Roger Eno

I first heard Roger Eno via Apollo: Atmospheres and Soundtracks, the dreamy music written for the NASA footage-based documentary, For All Mankind. The album featured him collaborating with his brother, Brian Eno (Tape Op #85), and Daniel Lanois (#37, 127). Since then, Roger’s made countless solo albums, many of them which remain centered on his pastoral piano compositions. Mixing Colours, the first album of solely him and his brother, came out in 2020, and highlights Roger’s keyboard melodies, which were electronically modified by Brian. On his new release, The Turning Year (via the prestigious Deutsche Grammophon label), Roger instead blends his organic piano pieces with the string ensemble, Scoring Berlin, tracked at Berlin’s venerable Teldex Studio.

My first introduction to your work was Apollo. I thought it was one of the most beautiful records I’d ever heard.

It was remarkable, that. It was the first time that Brian and I had worked together; as well as Daniel, who on his own is a remarkable talent. I didn’t realize what that record would come to mean to a lot of people. The word “seminal” is often overused, but it did kick something off, didn’t it?

It’s a different style of “ambient” music. That record is so much about moods, but there’s also country music and almost classical, thematic music.

Exactly. It was a great thing. The making of it was an utter joy. We were making each other collapse laughing all the time. Put those two together, and you’ve got a real blessed situation.

Did you go to Hamilton, Canada, to work at Daniel’s [Grant Avenue Studio]?

Yes. I’ve got very fond memories of it. I’ve still got a lucky Canadian dollar coin that a man gave me who was shoveling snow. We got to talking; he obviously recognized my accent and said, “Here, have one of these!” I’ve still got it. I did a lottery scratch card with it. I hadn’t done one of those for ages. I scratched with this lucky coin, and I got enough money to get another scratch card. So, it works!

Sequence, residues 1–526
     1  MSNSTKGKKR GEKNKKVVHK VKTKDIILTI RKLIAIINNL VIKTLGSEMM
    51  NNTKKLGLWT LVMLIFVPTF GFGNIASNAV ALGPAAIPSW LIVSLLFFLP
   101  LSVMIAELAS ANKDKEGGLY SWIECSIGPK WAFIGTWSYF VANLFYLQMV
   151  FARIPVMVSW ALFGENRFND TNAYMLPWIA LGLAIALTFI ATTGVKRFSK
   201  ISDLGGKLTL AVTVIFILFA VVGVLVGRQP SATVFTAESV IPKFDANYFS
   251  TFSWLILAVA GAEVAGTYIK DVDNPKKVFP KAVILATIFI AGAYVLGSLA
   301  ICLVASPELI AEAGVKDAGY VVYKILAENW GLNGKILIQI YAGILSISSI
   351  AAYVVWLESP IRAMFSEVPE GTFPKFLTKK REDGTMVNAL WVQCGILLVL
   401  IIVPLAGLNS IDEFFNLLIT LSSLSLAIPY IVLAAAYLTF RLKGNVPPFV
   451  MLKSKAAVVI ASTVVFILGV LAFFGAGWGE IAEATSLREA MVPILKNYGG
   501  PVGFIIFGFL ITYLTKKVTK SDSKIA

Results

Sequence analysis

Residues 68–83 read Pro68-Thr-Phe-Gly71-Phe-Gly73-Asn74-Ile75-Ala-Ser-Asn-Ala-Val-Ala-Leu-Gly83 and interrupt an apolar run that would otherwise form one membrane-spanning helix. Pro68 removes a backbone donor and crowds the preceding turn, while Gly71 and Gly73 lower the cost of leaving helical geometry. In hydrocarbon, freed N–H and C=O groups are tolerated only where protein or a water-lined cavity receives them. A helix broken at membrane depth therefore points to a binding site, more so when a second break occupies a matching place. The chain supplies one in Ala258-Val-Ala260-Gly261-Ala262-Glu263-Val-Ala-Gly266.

Low power magic.

Yes! [laughs]

With the collaboration on Apollo, what was the process for coming up with the basics of a piece and then adding to it?

It was a great situation, because there were no… I was going to say “rules,” but that’s not right. There wasn’t a leadership structure, so no one felt inhibited about saying, “I’ve got this. Let’s try this out.” People would run with that. If there was any chance that it would be good, then it would be pursued. Also, and this is still true with Brian, Danny, and myself: There aren’t any egos to deal with. It wasn’t as if someone said, “No, I don’t like it,” that the other person’s going to cry. It was very, very easy to work.

Did you have video of the film to view and write to?

Yes. It might have been on Betamax [videotape]. The great thing was it was the first cut of that film. I recently saw another version of it, which is covered in people talking. It ruined it. The first one was almost silent. There were a few people speaking at points. This second version piled on a load of dialog. The one that we worked to had these glorious, long images that – in our opinion – needed music to them. One of my favorites is when the landing craft is approaching the Moon, and the Moon gets closer and it gets bigger, but very slowly. Then, the landing module goes under the Moon into darkness. It’s such a beautiful thing, the gradation between this stark, white Moon and then to these different colors of blue until it ends up in darkness. It takes ages, and it is utterly beautiful. The mood is there. All we had to do was enhance it.

That would have been a quite fun project to work on. Nothing had to be carefully synced, as in some film score work.

Exactly right.

Roger Eno

After Apollo, you did the solo albums Voices and Between Tides. How did you see every opportunity to make a record? Did you try to visualize each in a different way?

Pretty much. I didn’t think of them as progressions. I didn’t think, “I ought to do this now, because I’ve just done that.” There are some artists that deliberately press boundaries, or explore all the time. I work the other way. I polish. I’ve got these little stones or gems that I’m constantly dealing with. I’m putting them in different orders and making them re-interesting. That’s how I look at it. A lot of it is piano-based, rather than thinking, “I know, I’ll start programming synths.” Come on! It doesn’t intrigue me. So, yes, the other thing is that someone will come along and say, “We’ve got these forces for you to use.” Like, for example, “There’s this good quartet.” Or I bump into a singer that I like. A lot of it is serendipity.